US, China say they are 'committed' to cooperating on climate change

US, China say they are 'committed' to cooperating on climate change
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The United States and China released a joint statement Saturday evening confirming the two countries' commitment to cooperating on climate change and 'strengthening' the implementation of the Paris Climate Accords. 

U.S. Special Envoy for Climate John KerryJohn KerryChina emitted more greenhouse gasses than US, developed world combined in 2019: analysis Overnight Energy: Republicans request documents on Kerry's security clearance process| EPA official directs agency to ramp up enforcement in overburdened communities | Meet Flint prosecutor Kym Worthy Republicans request documents on Kerry's security clearance process MORE and China Special Envoy for Climate Change Xie Zhenhua met in Shanghai on Thursday and Friday, according to the statement released by the State Department. 

After discussions in China, the countries agreed to cooperate on multi-lateral processes, including the Paris Climate Agreement. 


“The United States and China are committed to cooperating with each other and with other countries to tackle the climate crisis, which must be addressed with the seriousness and urgency that it demands," the statement read. 

The two countries are the world's two biggest carbon polluters, according to The Associated Press.

Both countries agreed to "pursuing such efforts" to "hold the global average temperature increase to well below 2 degrees C and to pursue efforts to limit it to 1.5 degrees C," in accordance with the agreement. 

"Both countries recall their historic contribution to the development, adoption, signature, and entry into force of the Paris Agreement through their leadership and collaboration," the statement read. 

The statement also noted that both the U.S. and China would take actions in the short term to help fight climate change including "appropriate actions to maximize international investment and finance in support of the transition from carbon-intensive fossil fuel based energy to green, low-carbon and renewable energy in developing countries."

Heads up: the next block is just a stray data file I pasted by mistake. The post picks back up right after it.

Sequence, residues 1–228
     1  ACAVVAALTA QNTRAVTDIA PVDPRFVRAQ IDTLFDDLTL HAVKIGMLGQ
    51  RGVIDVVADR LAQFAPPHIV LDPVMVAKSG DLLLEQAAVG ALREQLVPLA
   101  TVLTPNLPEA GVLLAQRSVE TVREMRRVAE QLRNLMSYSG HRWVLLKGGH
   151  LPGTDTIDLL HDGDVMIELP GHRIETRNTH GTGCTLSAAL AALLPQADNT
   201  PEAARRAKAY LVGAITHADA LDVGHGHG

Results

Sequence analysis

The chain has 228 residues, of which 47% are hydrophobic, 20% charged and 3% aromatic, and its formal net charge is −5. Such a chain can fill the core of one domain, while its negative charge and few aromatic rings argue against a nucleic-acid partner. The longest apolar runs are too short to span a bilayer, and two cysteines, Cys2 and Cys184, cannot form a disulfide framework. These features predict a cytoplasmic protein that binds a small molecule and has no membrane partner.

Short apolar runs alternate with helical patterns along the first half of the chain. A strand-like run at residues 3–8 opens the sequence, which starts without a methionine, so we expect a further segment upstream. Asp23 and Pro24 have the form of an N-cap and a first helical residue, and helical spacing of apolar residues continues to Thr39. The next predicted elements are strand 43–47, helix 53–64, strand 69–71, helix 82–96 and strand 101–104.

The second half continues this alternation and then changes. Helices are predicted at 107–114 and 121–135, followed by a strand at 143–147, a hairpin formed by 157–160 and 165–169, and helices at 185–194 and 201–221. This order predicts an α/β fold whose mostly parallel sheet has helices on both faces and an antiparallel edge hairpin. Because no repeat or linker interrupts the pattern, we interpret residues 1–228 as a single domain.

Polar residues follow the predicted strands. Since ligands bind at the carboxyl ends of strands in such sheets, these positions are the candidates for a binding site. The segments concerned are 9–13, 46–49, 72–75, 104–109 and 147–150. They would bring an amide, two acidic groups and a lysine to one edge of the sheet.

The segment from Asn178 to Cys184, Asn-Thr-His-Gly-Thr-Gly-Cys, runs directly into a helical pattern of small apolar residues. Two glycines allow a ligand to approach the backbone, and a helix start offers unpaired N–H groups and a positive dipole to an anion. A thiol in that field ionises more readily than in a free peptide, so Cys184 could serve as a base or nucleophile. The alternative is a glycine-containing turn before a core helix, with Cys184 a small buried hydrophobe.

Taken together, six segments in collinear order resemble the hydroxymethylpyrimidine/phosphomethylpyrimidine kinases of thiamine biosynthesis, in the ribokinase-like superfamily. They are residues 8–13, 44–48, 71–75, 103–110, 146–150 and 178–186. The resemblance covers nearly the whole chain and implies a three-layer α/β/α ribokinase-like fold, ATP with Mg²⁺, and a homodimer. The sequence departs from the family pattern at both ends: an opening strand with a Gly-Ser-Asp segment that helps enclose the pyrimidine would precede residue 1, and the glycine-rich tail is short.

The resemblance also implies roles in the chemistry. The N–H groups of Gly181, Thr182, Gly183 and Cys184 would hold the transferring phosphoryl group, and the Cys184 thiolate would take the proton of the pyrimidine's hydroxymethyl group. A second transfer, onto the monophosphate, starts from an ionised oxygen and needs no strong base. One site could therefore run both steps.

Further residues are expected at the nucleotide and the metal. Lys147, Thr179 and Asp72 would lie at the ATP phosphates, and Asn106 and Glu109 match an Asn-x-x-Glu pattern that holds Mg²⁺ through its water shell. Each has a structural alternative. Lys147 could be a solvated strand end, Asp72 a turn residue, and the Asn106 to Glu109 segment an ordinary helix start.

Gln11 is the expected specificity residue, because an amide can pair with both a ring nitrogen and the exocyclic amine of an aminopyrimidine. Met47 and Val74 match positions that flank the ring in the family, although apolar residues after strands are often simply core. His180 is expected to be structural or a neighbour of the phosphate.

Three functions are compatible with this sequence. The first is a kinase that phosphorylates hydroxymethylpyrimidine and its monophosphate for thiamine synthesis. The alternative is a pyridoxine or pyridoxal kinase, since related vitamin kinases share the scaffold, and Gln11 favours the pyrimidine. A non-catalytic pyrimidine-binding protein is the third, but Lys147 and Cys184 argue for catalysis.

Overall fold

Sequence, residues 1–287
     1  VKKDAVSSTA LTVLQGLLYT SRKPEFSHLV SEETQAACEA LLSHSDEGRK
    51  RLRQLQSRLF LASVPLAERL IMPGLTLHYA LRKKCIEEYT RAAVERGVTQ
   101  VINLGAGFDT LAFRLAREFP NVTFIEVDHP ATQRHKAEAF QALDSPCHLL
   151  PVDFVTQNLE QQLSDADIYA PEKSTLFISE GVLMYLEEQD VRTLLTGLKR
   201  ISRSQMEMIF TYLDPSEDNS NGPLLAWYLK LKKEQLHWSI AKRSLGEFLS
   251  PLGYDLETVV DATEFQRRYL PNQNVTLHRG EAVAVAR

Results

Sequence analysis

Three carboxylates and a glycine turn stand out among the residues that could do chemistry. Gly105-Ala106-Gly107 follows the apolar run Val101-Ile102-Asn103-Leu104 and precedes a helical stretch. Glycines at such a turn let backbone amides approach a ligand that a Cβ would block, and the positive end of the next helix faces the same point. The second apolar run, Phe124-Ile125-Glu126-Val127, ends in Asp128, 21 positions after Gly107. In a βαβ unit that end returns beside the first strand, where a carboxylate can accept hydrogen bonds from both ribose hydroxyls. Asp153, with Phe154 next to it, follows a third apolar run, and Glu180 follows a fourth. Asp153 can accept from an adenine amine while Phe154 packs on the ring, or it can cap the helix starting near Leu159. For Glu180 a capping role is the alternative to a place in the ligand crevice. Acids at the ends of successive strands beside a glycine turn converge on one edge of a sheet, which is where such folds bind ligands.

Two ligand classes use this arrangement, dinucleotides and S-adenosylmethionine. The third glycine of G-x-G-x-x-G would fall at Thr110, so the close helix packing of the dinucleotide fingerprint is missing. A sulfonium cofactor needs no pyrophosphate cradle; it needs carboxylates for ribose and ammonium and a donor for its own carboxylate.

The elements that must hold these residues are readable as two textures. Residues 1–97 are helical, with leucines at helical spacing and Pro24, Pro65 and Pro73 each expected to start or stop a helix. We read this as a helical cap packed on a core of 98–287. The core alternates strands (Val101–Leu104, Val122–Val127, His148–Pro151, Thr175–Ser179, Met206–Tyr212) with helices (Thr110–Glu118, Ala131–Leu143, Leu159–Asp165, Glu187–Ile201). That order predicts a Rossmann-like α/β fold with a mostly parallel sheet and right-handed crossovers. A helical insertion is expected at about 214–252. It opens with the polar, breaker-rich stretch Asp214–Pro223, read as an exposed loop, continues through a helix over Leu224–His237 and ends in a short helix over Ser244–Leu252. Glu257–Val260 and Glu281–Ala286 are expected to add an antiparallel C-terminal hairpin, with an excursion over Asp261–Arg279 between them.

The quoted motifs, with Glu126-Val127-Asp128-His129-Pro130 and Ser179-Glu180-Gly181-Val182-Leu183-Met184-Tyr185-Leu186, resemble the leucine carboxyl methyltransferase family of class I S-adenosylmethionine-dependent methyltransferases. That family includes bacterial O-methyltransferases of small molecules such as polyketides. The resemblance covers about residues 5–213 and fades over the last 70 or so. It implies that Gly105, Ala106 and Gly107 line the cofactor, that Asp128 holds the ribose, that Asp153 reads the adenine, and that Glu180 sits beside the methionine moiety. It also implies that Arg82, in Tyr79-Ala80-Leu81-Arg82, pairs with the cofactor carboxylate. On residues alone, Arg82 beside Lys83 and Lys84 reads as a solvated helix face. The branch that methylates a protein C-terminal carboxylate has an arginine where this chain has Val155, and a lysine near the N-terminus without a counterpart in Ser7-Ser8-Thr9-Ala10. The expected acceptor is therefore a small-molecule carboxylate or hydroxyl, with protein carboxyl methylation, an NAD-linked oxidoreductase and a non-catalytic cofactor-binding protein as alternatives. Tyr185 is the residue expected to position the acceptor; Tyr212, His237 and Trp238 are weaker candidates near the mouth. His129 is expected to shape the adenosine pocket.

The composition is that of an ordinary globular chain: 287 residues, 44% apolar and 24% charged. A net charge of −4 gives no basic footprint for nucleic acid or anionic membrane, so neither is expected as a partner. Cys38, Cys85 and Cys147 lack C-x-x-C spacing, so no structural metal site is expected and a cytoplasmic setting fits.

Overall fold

They each also committed to the phasing down of hydrofluorocarbon production. 


The notice from the countries comes after Kerry stated earlier this month that he was “not confident, but hopeful” that China would be willing to partner with other countries on meeting carbon emissions targets. 

"...China is a very important player in this,” Kerry said in an interview with India Today at the time. “We hope that China will come to the table and lead. President Xi [Jinping] has talked about leadership, about China’s role in this.”

Kerry stated that President BidenJoe BidenAtlanta mayor won't run for reelection South Carolina governor to end pandemic unemployment benefits in June Airplane pollution set to soar with post-pandemic travel boom MORE acknowledged China and the U.S. will have differences, but that "doesn’t mean we should ignore the crisis before all of us which requires all of us to respond, and that’s the climate crisis.”

In the future, the two countries agreed to continue discussions surrounding concrete actions that the U.S. and China can make in the 2020s to reduce emissions. 

These actions include: Policies, measures, and technologies to decarbonize industry and power; Increased deployment of renewable energy; Green and climate resilient agriculture and energy efficient buildings among other things. 

Kerry's meeting with Xie also comes before the White House's climate summit next week, which includes 40 world leaders who will meat virtually to discuss climate change. 

The White House's summit is slated before the United Nations Climate Change Conference in Glasgow, Scotland.  

Updated 10:35 p.m.